The expansion of the Internet of Things is also creating more opportunities for cybercrime. Today, the Internet of Things (IoT) is the fastest-growing technology, and it is having a tremendous impact on our social lives as well as on our corporate environments due to its quick evolution and its capability to extend numerous services. IoT has evolved as a top asset for businesses and this trend will continue. Cyberattacks have become a part of IoT, leaving user data and digital societies endangered.

What risk does ransomware pose? What steps should a business take after it has been hit by a cyberattack?

Ransomware is malware that prevents users from accessing their personal, work, or system files in order to demand a ransom payment. Ransomware attacks are becoming more sophisticated and are taking place more often than they did earlier. Ransom demands are increasing as threat actors carry out attacks that often delete or encrypt backup data. Recovery times are also increasing as data systems are becoming more complex, encompassing both the endpoints as well as the data centres.

Post cyberattacks, organisations need to protect their backup data from encryption and deletion, accelerate their ransomware recovery and bridge the gap between their backup and security systems.

Cyber extortionists, often referred to as ransomware gangs, are now providing ransom-as-a-service as well. How are these groups able to operate despite strict regulations and guidelines?

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According to cybersecurity researchers at Digital Shadows, LockBit 2.0 and Conti were the two most active ransomware gangs earlier this year. These ransomware gangs have many different departments, including those for administration, finance, coding, and research.

They even discuss best practices to keep the members of their group hidden and have regulations on how the hackers should handle their codes. RaaS makes it harder to hold a single gang responsible for an assault because several cybercriminals frequently participate in a single cyberattack by working on different stages of the ongoing operation.

According to the IDC report, 77 per cent of the respondents take data resiliency seriously. If so, why are so many companies still facing cybercrimes? Is it because the security is not advanced enough or are there too many vulnerabilities to cover?

Many IT leaders think that they are ready for ransomware attacks when in reality most are not. Many organisations are forced to pay a huge ransom, lose their data, and then take excessively long to recover from such dangerous cyberattacks.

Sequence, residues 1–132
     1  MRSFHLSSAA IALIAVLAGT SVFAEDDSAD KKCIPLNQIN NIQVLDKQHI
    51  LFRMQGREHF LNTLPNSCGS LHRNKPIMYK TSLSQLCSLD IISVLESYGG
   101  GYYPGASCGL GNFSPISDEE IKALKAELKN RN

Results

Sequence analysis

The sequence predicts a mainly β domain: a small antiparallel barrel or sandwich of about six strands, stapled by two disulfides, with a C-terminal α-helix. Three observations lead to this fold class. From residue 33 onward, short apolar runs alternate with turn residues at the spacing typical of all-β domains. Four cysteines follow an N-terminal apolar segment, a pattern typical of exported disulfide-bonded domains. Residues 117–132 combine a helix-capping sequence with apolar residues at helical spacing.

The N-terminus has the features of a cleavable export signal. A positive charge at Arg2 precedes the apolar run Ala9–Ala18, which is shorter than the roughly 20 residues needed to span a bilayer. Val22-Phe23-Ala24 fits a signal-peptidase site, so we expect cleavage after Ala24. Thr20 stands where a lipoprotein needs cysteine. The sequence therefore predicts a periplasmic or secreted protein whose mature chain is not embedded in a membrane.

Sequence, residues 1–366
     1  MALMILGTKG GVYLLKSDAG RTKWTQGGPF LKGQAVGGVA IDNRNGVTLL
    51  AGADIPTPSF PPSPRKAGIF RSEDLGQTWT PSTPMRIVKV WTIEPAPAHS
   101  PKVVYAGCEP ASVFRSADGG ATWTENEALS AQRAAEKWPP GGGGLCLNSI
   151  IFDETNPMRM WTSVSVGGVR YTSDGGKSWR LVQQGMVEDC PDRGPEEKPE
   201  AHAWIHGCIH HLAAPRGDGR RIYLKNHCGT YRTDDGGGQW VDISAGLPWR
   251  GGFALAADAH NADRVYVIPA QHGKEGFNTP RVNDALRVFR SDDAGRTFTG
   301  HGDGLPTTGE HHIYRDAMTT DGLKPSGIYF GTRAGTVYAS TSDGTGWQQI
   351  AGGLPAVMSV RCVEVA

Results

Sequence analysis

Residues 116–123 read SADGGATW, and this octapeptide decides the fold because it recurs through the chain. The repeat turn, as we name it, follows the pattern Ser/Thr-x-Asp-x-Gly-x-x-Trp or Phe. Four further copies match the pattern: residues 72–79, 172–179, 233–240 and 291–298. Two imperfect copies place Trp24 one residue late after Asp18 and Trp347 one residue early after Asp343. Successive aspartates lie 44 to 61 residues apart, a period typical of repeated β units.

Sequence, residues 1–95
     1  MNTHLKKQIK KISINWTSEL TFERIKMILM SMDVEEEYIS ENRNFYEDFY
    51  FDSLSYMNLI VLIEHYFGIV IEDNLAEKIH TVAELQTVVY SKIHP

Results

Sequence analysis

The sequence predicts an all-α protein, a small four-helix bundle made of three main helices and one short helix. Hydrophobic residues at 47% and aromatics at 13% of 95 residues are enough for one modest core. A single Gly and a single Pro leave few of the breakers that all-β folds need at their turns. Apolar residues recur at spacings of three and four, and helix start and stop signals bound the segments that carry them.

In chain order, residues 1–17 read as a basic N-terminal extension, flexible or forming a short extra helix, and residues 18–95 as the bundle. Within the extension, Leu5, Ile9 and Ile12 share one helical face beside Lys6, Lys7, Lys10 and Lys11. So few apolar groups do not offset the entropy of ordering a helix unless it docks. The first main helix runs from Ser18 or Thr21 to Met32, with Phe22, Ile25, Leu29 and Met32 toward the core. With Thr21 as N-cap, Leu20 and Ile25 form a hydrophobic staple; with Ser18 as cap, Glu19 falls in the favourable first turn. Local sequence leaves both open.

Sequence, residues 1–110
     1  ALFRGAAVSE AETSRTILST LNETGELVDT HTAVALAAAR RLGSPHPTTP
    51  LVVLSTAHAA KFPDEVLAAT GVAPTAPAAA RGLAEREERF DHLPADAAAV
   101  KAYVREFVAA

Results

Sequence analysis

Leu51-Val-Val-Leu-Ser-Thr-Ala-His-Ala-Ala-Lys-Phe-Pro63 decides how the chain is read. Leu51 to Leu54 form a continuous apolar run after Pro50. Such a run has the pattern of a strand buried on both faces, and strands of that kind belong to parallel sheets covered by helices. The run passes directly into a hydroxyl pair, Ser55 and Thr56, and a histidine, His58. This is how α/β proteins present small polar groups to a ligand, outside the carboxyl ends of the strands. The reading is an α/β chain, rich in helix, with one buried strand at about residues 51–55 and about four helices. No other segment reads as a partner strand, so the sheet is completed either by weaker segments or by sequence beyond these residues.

Unfortunately, no one knows what they don’t know until it’s too late. Cybercriminals have extensive experience in finding vulnerabilities and hence, attacks can occur in unexpected ways. It is imperative that IT and business leaders make an open assessment regarding their data resilience and cyber-recovery capabilities. Therefore, the issue is not that the security is not advanced enough or that there are too many vulnerabilities to cover, but the essentiality of implementing data resiliency which is the need of the hour.

Which sectors are the most vulnerable to cybercrime? What are the visible threats to those sectors?

The top five industries which are at a high risk for cyberattacks include public administration, healthcare & pharmaceuticals, finance & insurance, education, and the retail industry since they work with highly sensitive data. These are some of the industries which are the most vulnerable to the rising cases of data breaches.

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The cyberthreats in these sectors include government data ending up being stolen for the purpose of financial gain or espionage. Government databases are attacked by malicious actors mainly to obtain strategic information. Another common threat to public administrations is through hacktivism.

Is the IT law adequate enough to fight cybercrimes?

Cyber laws give legal recognition to electronic documents and provide a framework to support e-filing and e-commerce transactions. They also offer a legal framework to check cybercrimes. Indian cyber laws are known to protect several illegal activities in cyberspace. The IT Act is prominent in the Indian legal framework, as it delineates the entire investigative process regarding cybercrimes. One can find laws that penalize cybercrimes in a number of statutes and even in the regulations framed by various regulators.

Is cybersecurity a management issue or a technology issue?

Cybersecurity requires a system or an organisation to adapt and strengthen itself in response to the existing threats and risks that it might be facing. It’s imperative for it to prioritize its data’s security and take action at the right time, hence cybersecurity is clearly a management issue. Organisations’ valuable data and assets are being increasingly exposed to security threats, both external and internal. Threats that encompass theft, sabotage, embezzlement, industrial espionage, and fraud. Cybersecurity management mitigates the risk exposure of organisations by using a range of managerial and social controls, including legal and technological processes.